Selectively logged forests and timber plantations can serve as habitat for orangutans, suggesting that populations of the endangered ape may be more resilient than previously believed, reports research published in the journal PlosONE.
The study, conducted by a team of researchers led by Erik Meijaard of Jakarta-based People and Nature Consulting International, found roughly equivalent population densities between natural forest areas and two pulp and paper plantation concessions in East Kalimantan, Indonesian Borneo.
“This is important news for orangutan conservation because this iconic species is highly endangered with extinction in the wild,” said Meijaard. “Their native habitat in Indonesia and Malaysia has been much reduced in size and fragmented, and hunting of these apes continues in many parts of their range.”
Orangutan in Borneo. Photo by: Rhett A. Butler.
The research found that Bornean orangutans use both secondary forest and acacia plantations for feeding and nesting, although the authors note “it remains unclear whether such landscapes can maintain long-term viable populations.”
Meijaard and colleagues say more research is needed to determine how differences in food availability between plantations and natural forests affects orangutan behavior and viability in the long-term.
“The key finding of this study is that orangutans use acacia plantation landscapes,” the authors write. “This does not mean that plantations have the same conservation value as natural forests, but, at least for orangutans, they have some value that in the past has not been sufficiently recognized.”
“It is still too early to know whether these populations are transient individuals in search of new forest habitat, or whether this area is part of a recolonization process from nearby over-degraded forests. The long-term viability of these populations also requires further study.”
Despite the cautionary tone of the researchers, the findings will almost certainly be championed by the pulp and paper industry, which has been criticized by environmentalists for converting natural forests into plantations.
Orangutan conservationists however can take heart in that there may be substantially more habitat for red apes than previously estimated. As it is, roughly 75 percent of Borneo’s 50,000 or so orangutans are believed to live outside protected areas.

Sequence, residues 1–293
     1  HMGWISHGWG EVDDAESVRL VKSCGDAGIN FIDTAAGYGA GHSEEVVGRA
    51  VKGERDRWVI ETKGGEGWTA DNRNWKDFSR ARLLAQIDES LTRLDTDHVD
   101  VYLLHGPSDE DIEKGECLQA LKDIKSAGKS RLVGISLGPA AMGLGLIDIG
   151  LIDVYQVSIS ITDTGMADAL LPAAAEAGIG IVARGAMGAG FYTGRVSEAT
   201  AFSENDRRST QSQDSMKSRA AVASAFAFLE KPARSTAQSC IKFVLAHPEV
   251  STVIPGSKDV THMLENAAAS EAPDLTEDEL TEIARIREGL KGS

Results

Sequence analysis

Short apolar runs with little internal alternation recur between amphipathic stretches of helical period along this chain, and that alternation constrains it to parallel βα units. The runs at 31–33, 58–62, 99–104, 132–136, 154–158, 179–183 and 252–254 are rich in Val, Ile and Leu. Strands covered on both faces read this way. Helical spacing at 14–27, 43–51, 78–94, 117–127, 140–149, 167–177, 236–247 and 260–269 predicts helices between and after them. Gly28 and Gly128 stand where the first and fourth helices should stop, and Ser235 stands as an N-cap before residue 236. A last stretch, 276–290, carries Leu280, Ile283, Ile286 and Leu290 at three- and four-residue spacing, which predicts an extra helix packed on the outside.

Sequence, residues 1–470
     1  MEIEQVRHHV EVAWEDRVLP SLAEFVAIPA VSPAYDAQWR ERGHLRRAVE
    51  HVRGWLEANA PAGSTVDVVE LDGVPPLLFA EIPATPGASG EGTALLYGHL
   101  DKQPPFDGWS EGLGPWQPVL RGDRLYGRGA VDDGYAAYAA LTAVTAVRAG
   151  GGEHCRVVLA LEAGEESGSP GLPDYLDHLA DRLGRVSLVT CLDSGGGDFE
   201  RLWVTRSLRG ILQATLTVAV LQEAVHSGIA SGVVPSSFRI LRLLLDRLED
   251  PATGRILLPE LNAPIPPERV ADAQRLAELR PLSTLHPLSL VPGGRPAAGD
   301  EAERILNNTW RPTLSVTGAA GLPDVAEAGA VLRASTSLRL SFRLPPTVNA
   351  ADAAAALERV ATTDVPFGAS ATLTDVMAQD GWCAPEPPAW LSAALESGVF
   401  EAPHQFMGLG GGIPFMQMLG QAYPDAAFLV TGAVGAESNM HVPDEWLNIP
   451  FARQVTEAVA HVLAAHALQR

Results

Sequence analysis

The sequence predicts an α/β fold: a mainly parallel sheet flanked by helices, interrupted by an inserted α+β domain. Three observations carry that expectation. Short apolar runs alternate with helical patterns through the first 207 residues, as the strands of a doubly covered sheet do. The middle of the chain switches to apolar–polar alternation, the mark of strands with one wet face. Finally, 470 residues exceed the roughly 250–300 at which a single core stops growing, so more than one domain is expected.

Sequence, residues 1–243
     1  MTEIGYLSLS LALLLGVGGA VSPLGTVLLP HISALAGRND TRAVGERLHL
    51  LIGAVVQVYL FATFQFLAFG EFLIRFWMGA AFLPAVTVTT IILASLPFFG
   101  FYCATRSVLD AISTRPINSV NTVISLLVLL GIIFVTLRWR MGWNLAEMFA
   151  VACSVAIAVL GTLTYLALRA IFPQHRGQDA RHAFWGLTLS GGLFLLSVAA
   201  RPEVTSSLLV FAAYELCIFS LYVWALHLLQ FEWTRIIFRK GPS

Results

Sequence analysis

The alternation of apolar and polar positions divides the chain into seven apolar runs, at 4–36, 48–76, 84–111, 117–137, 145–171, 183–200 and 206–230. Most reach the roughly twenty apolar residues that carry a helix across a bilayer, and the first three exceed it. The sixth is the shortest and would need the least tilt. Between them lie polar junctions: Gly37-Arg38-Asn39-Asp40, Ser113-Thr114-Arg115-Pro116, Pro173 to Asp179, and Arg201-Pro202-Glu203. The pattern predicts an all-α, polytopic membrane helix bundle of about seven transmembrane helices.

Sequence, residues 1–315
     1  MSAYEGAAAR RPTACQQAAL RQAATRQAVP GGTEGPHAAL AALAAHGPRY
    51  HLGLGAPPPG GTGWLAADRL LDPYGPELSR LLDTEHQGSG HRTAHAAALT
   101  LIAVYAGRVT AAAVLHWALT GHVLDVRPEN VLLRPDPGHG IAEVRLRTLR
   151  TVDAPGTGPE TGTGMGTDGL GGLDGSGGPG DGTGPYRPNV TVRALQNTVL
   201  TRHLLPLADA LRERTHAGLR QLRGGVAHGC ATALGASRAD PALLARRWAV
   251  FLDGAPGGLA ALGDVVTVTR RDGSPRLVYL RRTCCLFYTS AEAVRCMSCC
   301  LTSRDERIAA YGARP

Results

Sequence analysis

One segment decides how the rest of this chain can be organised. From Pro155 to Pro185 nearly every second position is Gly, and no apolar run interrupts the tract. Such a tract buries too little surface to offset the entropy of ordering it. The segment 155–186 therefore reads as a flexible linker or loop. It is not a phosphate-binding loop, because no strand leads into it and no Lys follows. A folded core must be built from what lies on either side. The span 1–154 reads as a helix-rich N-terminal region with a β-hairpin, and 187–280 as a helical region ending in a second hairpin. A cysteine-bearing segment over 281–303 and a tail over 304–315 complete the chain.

“The conservation implications of these findings are important, suggesting that we must make efforts to enhance the orangutan’s chances of survival in plantation forests and the surrounding matrix habitats,” the authors write.
Instead of translocating orangutans when they are encountered within plantations, they instead “recommend solutions that resolve orangutan management issues in situ by trying to reconcile ecological needs of the species with the economic development goals of plantations, for example by increasing the size and interconnectedness of conservation areas and adjacent forested habitat.”
Meijaard and colleagues conclude by emphasizing the need to acknowledge all potential orangutan habitats in developing management plans to save the species.
Orangutan in Borneo, photo by Rhett Butler
“Tropical forests are likely to undergo further degradation and fragmentation. The present example of orangutans in pulp and paper plantation emphasizes the urgent need for the conservation science community to focus on the potential of multifunctional forest and plantation landscapes to provide at least some resources to endangered wildlife. The majority of orangutans occur outside national parks , and unfortunately many of their habitats will be used for commercial timber extraction, and converted to timber plantations and other plantations such as oil palm (Elaeis guineensis).”